HELP: NORPA Foundation president Annie Curtin and general manager Patrick Healey are excited to announce Creative Partnerships Australia has awarded a $50,000 grant, which will mean money donated by May 31 to Lismore's Theatre Production Company will be matched by the government.
HELP: NORPA Foundation president Annie Curtin and general manager Patrick Healey are excited to announce Creative Partnerships Australia has awarded a $50,000 grant, which will mean money donated by May 31 to Lismore's Theatre Production Company will be matched by the government. Sophie Moeller

NORPA needs you

IF YOU wondered why NORPA's 2019 season has been announced with minimum fanfare, it's because 2018 was a very tough year for our not-for-profit independent theatre company.

Ticket sales took a hit as the local economy struggled to get back on its feet after the flood and the company's infrastructure was severely compromised.

If it wasn't for the support of the theatre sector from "every state and territory”, including benefit concerts from Opera Australia and the Australian Chamber Orchestra, NORPA general manager Patrick Healey said our beloved company at City Hall could have been in jeopardy.

With "discretionary spending down” the board had to make some careful decisions with its budgets, Mr Healey said.

So it was with huge gratitude NORPA was last month awarded a $50,000 Creative Partnerships Australia grant, which will see every dollar donated to our independent theatre company matched by the government.

The message now is: NORPA needs you.

The company, which is one of only three independent theatre producers remaining in the country, has established the NORPA Foundation's "Help Keep Regional Theatre Alive” campaign.

On November 21, it will be this new fundraising initiative that gets the launch. The aim is to give benefactors more of an idea of what goes on behind the scenes.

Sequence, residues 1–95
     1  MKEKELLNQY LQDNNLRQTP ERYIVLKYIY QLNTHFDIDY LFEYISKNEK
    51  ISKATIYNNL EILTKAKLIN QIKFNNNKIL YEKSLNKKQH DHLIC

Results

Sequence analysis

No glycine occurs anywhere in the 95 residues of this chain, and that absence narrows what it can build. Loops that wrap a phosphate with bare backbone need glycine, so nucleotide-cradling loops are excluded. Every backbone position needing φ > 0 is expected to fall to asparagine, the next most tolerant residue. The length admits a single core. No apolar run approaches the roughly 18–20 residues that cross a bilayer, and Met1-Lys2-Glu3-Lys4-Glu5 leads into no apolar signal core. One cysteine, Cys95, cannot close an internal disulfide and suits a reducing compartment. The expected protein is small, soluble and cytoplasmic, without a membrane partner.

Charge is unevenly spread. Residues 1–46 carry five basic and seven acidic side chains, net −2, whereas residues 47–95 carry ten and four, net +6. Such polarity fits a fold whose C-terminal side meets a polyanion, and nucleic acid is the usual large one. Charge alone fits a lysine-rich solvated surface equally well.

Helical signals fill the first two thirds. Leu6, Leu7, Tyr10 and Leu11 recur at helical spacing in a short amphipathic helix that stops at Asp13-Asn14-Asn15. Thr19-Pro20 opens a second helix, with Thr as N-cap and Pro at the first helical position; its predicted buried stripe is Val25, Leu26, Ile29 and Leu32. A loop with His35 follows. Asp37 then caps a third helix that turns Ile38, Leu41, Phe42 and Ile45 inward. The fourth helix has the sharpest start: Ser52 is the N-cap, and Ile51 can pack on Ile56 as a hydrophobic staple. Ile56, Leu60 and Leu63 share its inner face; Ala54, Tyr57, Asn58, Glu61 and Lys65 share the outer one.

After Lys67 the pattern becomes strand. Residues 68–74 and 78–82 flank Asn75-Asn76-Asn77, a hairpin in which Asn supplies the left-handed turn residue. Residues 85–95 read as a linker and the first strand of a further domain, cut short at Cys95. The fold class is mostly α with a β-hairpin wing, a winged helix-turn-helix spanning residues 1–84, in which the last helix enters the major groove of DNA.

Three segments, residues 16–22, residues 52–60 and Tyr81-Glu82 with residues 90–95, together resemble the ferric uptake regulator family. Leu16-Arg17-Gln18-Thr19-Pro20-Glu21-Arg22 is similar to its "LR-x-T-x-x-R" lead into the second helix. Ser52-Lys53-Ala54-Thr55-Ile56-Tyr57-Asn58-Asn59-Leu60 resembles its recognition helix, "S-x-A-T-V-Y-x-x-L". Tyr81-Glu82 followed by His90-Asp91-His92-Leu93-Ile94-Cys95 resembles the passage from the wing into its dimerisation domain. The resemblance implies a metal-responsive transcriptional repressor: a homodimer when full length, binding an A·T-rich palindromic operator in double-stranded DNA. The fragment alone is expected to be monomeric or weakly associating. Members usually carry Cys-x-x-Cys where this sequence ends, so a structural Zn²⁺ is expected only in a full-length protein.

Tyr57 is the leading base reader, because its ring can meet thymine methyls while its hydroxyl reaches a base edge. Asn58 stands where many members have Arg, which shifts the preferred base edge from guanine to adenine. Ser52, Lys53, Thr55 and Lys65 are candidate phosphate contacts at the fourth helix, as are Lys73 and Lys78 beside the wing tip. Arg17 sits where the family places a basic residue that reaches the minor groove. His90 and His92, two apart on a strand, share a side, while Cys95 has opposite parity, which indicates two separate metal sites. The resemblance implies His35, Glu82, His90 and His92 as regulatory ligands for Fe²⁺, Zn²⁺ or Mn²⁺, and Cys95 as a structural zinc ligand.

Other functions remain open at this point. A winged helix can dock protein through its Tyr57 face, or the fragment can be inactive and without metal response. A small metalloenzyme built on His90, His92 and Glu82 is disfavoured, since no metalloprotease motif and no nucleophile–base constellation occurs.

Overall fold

Foundation member Annie Curtin, who was instrumental in starting Our Kids, said the grant presented "a huge opportunity for the company to make sure NORPA remains not just viable but able to grow and continue to create new work”.

"It is also a way to kickstart community engagement with its theatre on a deeper level,” she said.

"Many people think it is great we have this cultural organisation that brings wonderful productions to town but they may not realise that buying tickets alone is not enough to sustain the company.

"We need to have more financial engagement with the community to keep NORPA resilient.”

The foundation is exploring ways people can give according to their means, with more options to give via the website, on a regular basis and at the point of ticket sales.

The deadline for raising $50,000 is May 31, 2019.

The NORPA Foundation would like the community to ask itself: "What does NORPA mean to the region?”

To learn more about its theatre in creation, education program and commitment to Bundjalung work, the launch will begin at 5.30pm on Wednesday, November 21. There will be a performance by the Nini Nhari Gali dancers and a talk by creative director Janis Balodis.


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